February 20, 2006
Top Hollywood script supervisor shares experiences with students
By Scott Rappaport
For the past 14 years, Ana Maria Quintana has worked as a script supervisor for director Steven Spielberg on films such as Munich, Saving Private Ryan, Jurassic Park, and Hook.
Assistant theater arts professor Alma Martinez (right) met Ana Maria Quintana on the set of the 1983 film Under Fire.
Photo: Scott Rappaport
One of the highest-ranking Latinas in the film industry, she has worked on more than 100 movies in a career that has spanned three decades, also collaborating with acclaimed directors such as Cameron Crowe (Almost Famous, Vanilla Sky), Sam Mendes (American Beauty), and Ridley Scott (Blade Runner, Someone to Watch Over Me).
Quintana made a three-day whirlwind stop at UCSC last week to talk with students in a number of film classes about what it’s like to work with some of the most important directors, cinematographers, and actors in the business. The visit was arranged by assistant theater arts professor Alma Martinez--who first met Quintana in Mexico on the set of the 1983 film Under Fire, in which Martinez appeared opposite Gene Hackman, Ed Harris, and Nick Nolte.
Born and raised in Chile, Quintana was sent to a convent at the age of 12 when her mother took a job in the United States. Two years later, her mother moved to New York and sent for her. “I arrived in New York in 1962 and spoke no English,” recalled Quintana. “We were very poor and four of us lived in a one-bedroom apartment; my mother worked in a button factory and my stepfather worked for the Lionel Train company.”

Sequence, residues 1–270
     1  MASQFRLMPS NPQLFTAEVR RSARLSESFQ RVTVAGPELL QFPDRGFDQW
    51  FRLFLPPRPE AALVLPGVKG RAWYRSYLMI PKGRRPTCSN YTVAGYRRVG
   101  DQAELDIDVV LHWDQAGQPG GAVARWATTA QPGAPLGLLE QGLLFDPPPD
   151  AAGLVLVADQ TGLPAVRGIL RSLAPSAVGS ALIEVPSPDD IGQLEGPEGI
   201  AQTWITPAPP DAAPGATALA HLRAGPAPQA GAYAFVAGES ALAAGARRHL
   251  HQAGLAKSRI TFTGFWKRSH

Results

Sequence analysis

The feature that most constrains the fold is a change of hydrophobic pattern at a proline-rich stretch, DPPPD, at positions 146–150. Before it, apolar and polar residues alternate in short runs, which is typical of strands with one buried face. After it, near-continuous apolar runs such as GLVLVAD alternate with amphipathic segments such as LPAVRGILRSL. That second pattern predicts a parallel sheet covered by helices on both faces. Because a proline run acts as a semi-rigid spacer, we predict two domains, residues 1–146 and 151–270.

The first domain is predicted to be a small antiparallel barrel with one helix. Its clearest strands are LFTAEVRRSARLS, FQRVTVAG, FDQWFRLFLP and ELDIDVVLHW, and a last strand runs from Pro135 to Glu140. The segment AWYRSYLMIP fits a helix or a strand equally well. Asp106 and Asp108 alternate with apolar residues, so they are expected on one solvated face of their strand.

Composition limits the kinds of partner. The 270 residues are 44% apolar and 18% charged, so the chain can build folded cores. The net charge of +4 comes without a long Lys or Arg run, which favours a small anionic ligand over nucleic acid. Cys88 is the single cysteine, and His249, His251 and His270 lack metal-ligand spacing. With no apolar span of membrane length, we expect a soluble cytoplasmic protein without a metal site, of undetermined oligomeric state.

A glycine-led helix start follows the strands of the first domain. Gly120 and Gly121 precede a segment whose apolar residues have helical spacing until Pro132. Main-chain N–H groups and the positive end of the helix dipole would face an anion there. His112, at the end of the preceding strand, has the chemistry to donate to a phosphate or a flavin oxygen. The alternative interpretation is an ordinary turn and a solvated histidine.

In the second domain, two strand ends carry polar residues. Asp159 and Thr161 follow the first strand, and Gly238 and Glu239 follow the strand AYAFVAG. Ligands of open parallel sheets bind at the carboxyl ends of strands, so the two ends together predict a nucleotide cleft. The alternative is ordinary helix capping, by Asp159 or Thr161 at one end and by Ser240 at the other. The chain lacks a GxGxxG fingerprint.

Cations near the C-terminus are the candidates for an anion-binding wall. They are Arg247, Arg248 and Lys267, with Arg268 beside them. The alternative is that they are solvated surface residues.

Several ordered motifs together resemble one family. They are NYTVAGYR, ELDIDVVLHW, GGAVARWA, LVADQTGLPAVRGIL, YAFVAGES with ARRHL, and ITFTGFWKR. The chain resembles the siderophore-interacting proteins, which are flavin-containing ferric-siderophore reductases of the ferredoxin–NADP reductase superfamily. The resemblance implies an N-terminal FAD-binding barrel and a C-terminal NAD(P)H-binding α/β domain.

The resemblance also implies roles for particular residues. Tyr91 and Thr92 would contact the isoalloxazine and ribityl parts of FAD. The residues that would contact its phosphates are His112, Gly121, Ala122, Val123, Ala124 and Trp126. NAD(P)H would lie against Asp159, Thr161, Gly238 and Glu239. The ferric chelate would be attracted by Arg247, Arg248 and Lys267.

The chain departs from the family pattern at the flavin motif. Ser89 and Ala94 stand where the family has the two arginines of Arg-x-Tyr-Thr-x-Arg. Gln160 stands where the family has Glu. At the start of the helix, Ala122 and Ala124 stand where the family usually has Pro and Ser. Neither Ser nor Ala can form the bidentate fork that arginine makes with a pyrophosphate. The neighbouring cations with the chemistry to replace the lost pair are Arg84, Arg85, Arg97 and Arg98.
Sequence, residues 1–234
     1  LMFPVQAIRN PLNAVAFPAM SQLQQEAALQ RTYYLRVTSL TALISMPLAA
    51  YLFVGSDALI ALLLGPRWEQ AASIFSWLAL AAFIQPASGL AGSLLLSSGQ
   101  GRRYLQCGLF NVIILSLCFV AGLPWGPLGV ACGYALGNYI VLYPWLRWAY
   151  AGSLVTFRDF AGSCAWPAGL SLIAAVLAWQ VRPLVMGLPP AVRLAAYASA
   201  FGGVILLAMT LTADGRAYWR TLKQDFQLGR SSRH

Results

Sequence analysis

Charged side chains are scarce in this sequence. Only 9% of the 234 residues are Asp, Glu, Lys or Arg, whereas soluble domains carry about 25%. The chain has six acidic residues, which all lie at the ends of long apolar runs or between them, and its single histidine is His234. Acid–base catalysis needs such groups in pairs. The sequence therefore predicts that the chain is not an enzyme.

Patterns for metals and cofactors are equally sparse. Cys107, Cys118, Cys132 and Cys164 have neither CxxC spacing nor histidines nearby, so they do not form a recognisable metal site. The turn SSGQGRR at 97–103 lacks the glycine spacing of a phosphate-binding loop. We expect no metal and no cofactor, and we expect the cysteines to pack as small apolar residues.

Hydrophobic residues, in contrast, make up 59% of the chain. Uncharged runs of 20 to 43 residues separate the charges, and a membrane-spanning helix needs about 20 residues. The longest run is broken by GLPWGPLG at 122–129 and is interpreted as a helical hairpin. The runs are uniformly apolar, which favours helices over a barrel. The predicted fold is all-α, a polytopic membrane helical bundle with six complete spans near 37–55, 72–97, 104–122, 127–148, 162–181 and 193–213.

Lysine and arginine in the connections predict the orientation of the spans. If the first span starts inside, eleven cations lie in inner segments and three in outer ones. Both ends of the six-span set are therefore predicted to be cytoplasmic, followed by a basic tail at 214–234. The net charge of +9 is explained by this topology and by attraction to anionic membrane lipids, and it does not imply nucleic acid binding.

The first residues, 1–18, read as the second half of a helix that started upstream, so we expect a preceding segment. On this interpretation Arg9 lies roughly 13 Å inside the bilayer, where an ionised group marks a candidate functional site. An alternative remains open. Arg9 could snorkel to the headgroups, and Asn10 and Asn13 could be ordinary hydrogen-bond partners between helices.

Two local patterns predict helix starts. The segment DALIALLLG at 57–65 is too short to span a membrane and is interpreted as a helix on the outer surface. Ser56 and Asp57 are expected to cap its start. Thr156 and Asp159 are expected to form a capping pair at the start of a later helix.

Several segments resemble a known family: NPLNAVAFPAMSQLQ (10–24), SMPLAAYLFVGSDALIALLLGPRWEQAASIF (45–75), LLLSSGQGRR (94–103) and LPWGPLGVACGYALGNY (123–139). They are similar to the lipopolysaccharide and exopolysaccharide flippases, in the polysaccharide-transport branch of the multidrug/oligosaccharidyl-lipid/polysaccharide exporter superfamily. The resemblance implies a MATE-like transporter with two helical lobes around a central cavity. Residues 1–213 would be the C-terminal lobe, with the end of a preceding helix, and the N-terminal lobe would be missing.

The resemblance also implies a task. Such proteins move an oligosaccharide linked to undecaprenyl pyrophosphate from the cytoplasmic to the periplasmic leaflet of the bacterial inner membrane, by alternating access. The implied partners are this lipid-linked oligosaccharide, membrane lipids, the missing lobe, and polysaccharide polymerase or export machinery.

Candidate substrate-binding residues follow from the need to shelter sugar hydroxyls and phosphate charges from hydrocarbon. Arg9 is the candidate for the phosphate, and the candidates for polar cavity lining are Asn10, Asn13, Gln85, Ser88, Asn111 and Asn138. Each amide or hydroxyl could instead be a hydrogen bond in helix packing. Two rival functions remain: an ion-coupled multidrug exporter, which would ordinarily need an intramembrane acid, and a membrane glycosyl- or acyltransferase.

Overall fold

The family eventually moved to Los Angeles, and she studied cinema for less than a year at L.A. City College. But Quintana said she was able to break into the film business because she spoke Spanish.
“A lot of the major films at that time were being shot in Mexico, so I was very fortunate from the beginning,” Quintana explained. “And I had to learn my job quickly because I was working with big people. But there was always someone on the set who had more experience—that’s how you really learn the business.”
“I never pictured myself working for people like Steven Spielberg,” Quintana added. “I was in total shock when I received a call to do an interview for Hook.”
At one of her discussions that took place in the UCSC Second Stage Theater, Quintana took questions from students about her job responsibilities and how to break into the business. She advised the aspiring filmmakers “to work on anything and everything you can: home movies, student films, independent films…and try to get a job as an extra—particularly on a big film—so you can watch and see how the directors, actors, and crews work and prepare.”
Quintana said her biggest responsibility as a script supervisor was continuity with regard to hair, wardrobe, props, sets, time, and dialogue.
“You have to make sure that things match, that the film has the same look, the same rhythm, and that people appear the same,” she explained. “For example, Almost Famous with Cameron Crowe was one of the hardest films I’ve done because there were so many different time periods that we shot in.”
Quintana--who has worked with such actors as Tom Cruise, Tom Hanks, Glenn Close, and Kevin Spacey--said she still loves the fantasy of films—even after 30 years of behind-the-scenes work in the business.
“It’s very addictive, I don’t know what else I would do for a living,” she observed. “I even put myself in all the films I work on. I was a maid in Almost Famous and Catch Me If You Can, an inspector in The Terminal, a bystander in War of the Worlds, and in Minority Report, I’m the computer voice that lets Tom Cruise in the building.”
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